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The Challenge of Noncompliance with Medical Recommendations, Part 2: Actions to Improve Patient Compliance

September 19, 2017

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  • Evaluate
  • Mitigate
  • Manage
  • Restore
  • Improve

The assessment of patient compliance is very difficult. Many patients may not want to disappoint their physician and will not be completely accurate about their degree of compliance. Other patients are not able to accurately evaluate or do not know their degree of compliance. In one study, 10% of patients reported that they were 100% compliant with their medication use. Using pill count methods, however, the use of the prescribed medications ranged from 2% to 130% of the prescribed pills.

Several methods may help to improve patient understanding, memory, and ultimately compliance to medication or recommended diagnostic studies or treatment. One important strategy is to attempt to improve the likelihood of compliance at the very beginning. An explanation of the goals and rationale for therapy using language that the patient can understand also helps to set the stage. Educate the patient on the perceived benefits of diagnostic studies or therapy at the onset, especially if the patient is asymptomatic. Collaborating with the patient may improve adherence to the treatment plan, including frequency and duration of medication intake. Address potential financial limitations or other barriers to lifestyle modifications that may be required. In particular, addressing any misinformation regarding a medical condition or possible side effects at the onset of any treatment recommendations may help to improve compliance. Finally, explain the potential consequences of not following specific medical recommendations.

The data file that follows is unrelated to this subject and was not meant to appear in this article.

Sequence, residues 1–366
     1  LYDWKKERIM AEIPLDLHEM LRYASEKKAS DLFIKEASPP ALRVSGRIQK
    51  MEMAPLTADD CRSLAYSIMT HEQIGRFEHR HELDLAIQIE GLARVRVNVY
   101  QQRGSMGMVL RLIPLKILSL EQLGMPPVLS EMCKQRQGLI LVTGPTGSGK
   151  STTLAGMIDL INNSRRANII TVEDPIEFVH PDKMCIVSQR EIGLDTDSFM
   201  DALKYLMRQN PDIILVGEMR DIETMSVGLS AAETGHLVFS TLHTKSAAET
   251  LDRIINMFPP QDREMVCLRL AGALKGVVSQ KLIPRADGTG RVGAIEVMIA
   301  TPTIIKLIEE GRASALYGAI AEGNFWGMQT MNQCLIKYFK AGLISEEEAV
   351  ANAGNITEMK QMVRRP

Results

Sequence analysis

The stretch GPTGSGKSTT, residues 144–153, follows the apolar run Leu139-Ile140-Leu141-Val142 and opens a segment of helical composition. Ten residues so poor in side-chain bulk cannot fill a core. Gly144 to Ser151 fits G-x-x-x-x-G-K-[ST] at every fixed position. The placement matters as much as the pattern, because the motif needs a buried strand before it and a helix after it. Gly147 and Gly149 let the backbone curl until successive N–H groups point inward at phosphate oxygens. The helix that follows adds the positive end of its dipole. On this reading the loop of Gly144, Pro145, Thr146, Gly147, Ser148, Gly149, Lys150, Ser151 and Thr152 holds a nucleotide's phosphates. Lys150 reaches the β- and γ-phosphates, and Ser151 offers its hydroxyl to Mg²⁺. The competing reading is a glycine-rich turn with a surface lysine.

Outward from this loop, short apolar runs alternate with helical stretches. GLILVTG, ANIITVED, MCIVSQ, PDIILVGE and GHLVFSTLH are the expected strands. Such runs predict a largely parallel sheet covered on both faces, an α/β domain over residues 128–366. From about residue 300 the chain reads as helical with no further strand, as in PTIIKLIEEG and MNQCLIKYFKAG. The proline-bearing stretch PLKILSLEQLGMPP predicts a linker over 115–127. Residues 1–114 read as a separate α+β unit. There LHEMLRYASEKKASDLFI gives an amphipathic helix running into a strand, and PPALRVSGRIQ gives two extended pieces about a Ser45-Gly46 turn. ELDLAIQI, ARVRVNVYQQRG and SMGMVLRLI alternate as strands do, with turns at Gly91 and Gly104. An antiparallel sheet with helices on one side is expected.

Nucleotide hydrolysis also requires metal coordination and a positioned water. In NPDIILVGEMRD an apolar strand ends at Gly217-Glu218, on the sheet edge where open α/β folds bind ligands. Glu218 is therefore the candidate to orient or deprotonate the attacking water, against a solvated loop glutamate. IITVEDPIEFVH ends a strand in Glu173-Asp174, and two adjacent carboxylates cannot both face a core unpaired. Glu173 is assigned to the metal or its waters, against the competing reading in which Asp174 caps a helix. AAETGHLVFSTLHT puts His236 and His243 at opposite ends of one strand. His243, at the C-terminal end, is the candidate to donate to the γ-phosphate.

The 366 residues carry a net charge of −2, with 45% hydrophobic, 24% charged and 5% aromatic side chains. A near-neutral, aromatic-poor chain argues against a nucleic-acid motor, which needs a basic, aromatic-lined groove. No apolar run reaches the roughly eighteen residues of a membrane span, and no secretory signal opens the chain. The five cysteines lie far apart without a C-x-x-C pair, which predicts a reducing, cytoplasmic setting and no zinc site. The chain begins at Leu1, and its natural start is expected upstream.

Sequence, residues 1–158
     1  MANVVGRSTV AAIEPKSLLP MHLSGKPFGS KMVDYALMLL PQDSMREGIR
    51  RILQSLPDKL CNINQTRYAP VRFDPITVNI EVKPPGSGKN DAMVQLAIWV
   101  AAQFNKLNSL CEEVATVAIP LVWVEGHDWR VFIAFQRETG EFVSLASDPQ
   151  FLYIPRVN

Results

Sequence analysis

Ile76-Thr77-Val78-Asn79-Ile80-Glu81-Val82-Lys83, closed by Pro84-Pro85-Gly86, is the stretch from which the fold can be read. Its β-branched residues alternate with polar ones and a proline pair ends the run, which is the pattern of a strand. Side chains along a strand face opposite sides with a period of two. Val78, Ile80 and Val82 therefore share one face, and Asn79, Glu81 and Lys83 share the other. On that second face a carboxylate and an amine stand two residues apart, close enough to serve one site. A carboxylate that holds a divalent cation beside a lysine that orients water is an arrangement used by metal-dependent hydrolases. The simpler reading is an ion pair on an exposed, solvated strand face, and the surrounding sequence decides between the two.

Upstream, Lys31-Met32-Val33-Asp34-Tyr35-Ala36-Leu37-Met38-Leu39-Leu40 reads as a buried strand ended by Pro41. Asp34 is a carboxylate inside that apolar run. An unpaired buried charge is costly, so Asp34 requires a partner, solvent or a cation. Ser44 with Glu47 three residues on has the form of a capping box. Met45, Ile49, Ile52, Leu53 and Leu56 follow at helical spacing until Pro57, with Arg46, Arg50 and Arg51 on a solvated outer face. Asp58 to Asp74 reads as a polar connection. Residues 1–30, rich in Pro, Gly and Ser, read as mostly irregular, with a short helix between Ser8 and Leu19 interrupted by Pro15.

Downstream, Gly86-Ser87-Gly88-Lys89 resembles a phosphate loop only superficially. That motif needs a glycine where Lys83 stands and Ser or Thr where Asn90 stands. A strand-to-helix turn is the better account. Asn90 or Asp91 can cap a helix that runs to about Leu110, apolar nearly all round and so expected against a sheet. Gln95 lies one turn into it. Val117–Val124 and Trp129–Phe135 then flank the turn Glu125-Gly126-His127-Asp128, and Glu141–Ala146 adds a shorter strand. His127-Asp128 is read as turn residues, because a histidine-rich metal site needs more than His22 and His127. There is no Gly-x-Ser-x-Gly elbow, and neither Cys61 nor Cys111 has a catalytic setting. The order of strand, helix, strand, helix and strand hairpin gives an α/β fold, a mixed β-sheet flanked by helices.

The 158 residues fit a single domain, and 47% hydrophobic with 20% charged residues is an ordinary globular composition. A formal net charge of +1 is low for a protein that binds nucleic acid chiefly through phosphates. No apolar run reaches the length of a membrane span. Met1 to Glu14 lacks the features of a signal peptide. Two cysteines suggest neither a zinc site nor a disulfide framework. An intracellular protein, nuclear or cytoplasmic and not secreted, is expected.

Additional recommendations at the onset of the recommended treatment include:

  • Speak clearly and briefly and be aware of the patient’s health language literacy. Emphasize the most important information early, as patients tend to remember more of what is told first